18/09/2017 3:05 PM AEST | Updated 18/09/2017 3:24 PM AEST

Soviet Colonel Who Once 'Saved The World' From Nuclear War Is Apparently Dead

In 1983 Stanislav Petrov's computer said nuclear missiles were incoming. He wasn't so sure.

You're might be alive today because on day in 1983 lieutenant colonel Stanislav Petrov decided to do nothing.

The Soviet officer who averted a nuclear crisis between the United States and Russia in 1983 died this year at the age of 77, RT reports. News of his death, in May, only became public on Monday when it was discovered by his friend and political activist, Karl Schumacher, who tried to contact Petrov.

Since that fateful day 34 years ago, Petrov has been credited by nuclear activists as the man who "saved the world" by determining that the Soviet system had been spoofed by a reflection off the earth.

Scott Peterson/Getty Images
Former Soviet Colonel Stanislav Petrov sits at home in Moscow in 2004. Petrov was in charge of Soviet nuclear early warning systems on the night of September 26, 1983, when a false 'missile attack' signal appeared to show a U.S. nuclear launch and decided not to retaliate.

It was just past midnight when Petrov, in charge of an early warning radar system in a bunker near Moscow, saw the radar screen showing a single missile inbound from the United States and headed toward the Soviet Union.

The computer said four U.S. missiles had been launched, but Petrov knew something wasn't right. The same computer was flashing a sign back at him, telling him what to do: launch.

"I had all the data [to suggest there was an ongoing missile attack]. If I had sent my report up the chain of command, nobody would have said a word against it," he told the BBC's Russian Service in 2013.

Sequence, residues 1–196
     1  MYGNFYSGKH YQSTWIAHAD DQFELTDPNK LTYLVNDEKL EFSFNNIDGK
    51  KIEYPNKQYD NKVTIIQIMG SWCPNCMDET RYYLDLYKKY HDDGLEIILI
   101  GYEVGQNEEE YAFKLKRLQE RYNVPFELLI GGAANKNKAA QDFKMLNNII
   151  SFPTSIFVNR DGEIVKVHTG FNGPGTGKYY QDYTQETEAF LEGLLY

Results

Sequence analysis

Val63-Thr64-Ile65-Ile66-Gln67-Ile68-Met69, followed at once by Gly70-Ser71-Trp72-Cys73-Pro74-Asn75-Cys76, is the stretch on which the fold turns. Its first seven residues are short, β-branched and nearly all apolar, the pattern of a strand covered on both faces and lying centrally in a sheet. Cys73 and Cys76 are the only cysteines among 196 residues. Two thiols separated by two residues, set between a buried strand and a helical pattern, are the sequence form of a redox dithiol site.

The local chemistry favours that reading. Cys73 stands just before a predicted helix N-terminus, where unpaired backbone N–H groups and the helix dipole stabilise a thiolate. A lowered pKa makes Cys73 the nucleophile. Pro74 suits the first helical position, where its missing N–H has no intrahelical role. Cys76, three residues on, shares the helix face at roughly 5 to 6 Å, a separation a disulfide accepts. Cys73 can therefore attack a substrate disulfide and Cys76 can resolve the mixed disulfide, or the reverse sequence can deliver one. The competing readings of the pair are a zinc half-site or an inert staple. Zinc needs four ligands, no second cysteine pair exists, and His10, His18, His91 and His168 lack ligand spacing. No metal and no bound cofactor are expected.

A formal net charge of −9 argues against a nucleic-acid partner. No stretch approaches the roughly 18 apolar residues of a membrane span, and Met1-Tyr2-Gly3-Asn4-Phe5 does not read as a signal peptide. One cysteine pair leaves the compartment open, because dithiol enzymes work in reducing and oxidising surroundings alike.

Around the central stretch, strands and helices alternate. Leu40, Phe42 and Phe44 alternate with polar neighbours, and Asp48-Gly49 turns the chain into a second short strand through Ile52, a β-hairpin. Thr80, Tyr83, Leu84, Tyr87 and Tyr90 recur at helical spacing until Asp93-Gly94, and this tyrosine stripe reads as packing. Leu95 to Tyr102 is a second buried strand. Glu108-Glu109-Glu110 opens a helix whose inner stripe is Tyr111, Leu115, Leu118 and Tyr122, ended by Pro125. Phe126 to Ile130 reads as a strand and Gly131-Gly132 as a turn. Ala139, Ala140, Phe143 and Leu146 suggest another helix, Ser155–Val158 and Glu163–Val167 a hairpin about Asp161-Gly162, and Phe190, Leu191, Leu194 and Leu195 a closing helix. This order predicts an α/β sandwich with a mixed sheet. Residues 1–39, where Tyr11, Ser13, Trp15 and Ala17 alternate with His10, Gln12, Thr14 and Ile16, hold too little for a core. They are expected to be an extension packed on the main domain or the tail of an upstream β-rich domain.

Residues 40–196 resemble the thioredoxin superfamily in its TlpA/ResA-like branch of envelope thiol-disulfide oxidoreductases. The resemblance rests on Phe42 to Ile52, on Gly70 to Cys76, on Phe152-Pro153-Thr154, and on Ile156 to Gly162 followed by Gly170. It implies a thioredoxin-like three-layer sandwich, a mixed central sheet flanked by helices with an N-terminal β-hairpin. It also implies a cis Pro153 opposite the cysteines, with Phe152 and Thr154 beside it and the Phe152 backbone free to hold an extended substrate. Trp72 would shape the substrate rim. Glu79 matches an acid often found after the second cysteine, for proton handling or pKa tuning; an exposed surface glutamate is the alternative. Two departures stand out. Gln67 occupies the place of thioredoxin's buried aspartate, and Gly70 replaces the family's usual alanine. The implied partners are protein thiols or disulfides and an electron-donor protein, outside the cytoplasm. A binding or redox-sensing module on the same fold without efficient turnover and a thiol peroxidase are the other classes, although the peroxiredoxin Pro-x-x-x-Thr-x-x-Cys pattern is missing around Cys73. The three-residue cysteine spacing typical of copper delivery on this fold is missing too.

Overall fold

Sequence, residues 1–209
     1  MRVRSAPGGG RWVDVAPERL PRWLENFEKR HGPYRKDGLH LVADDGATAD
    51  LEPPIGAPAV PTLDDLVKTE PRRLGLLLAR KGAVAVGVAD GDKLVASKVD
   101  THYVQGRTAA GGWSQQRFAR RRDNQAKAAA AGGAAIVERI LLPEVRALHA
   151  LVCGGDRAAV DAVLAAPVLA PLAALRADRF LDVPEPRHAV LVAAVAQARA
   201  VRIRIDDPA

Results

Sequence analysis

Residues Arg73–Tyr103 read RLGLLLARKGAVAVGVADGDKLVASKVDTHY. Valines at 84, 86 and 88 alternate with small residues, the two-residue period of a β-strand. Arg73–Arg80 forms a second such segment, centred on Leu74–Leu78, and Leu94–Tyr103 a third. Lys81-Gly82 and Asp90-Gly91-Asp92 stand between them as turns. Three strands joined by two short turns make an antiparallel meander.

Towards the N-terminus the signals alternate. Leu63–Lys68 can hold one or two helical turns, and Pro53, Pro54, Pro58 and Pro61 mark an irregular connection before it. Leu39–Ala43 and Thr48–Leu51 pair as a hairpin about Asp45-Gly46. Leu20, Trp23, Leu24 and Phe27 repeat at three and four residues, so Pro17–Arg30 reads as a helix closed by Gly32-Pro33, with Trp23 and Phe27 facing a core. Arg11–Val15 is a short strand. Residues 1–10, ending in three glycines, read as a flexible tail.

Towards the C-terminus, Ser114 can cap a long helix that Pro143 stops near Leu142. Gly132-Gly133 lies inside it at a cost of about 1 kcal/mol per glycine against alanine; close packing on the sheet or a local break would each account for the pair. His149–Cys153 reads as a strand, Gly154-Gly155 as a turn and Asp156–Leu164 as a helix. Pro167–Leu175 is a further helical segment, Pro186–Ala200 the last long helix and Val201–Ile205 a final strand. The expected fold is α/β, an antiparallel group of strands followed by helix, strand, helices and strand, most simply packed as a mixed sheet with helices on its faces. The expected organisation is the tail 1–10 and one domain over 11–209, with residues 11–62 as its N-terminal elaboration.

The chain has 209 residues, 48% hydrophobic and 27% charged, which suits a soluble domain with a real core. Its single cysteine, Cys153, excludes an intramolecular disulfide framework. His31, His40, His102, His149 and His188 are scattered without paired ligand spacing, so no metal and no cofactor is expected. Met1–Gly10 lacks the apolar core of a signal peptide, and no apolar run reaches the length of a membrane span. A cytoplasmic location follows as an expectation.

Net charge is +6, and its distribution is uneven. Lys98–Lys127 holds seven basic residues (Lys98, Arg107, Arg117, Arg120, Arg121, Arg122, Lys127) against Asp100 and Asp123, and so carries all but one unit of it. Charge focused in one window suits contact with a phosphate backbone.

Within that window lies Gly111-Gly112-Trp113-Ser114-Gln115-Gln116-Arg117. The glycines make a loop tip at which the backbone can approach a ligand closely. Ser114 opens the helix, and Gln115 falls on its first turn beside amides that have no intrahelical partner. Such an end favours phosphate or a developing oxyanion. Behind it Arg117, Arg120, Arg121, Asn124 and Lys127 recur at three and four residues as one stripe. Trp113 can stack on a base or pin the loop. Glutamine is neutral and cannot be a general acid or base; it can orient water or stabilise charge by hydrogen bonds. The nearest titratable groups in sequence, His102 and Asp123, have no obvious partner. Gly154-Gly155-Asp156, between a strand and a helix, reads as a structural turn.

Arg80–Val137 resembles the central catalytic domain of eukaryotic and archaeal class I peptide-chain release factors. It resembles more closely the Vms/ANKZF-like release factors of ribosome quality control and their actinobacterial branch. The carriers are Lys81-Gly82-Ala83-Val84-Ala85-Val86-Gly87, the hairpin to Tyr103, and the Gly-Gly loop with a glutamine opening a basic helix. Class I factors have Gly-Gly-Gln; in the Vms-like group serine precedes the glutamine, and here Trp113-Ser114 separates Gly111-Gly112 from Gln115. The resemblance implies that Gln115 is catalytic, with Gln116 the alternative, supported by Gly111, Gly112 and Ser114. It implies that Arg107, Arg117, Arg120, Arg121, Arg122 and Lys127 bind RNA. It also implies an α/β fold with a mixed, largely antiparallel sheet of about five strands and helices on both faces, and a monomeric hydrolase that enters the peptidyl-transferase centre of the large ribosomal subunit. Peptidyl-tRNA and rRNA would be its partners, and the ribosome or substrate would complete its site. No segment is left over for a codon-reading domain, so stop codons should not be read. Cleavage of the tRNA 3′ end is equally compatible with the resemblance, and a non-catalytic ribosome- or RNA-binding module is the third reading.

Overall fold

Petrov's training was rigorous, his instructions very clear and the system was telling him America had launched a missile, then a second, then a third.

"All I had to do was to reach for the phone; to raise the direct line to our top commanders - but I couldn't move. I felt like I was sitting on a hot frying pan," he told Britain's national broadcaster.

"Twenty-three minutes later I realised that nothing had happened. If there had been a real strike, then I would already know about it. It was such a relief."

Reports of Petrov's death comes as U.S. President Donald Trump prepares to address the United Nations amid growing tensions with a nuclear armed North Korea.

The U.S. ambassador to the United Nations Nikki Haley said on Sunday that the U.N. Security Council has run out of options on containing North Korea's nuclear program and the United States may have to turn the matter over to the Pentagon.

"We have pretty much exhausted all the things that we can do at the Security Council at this point," Haley told CNN's "State of the Union," adding that she was perfectly happy to hand the matter to Defense Secretary James Mattis.

"We're trying every other possibility that we have but there's a whole lot of military options on the table."

Additional reporting by Reuters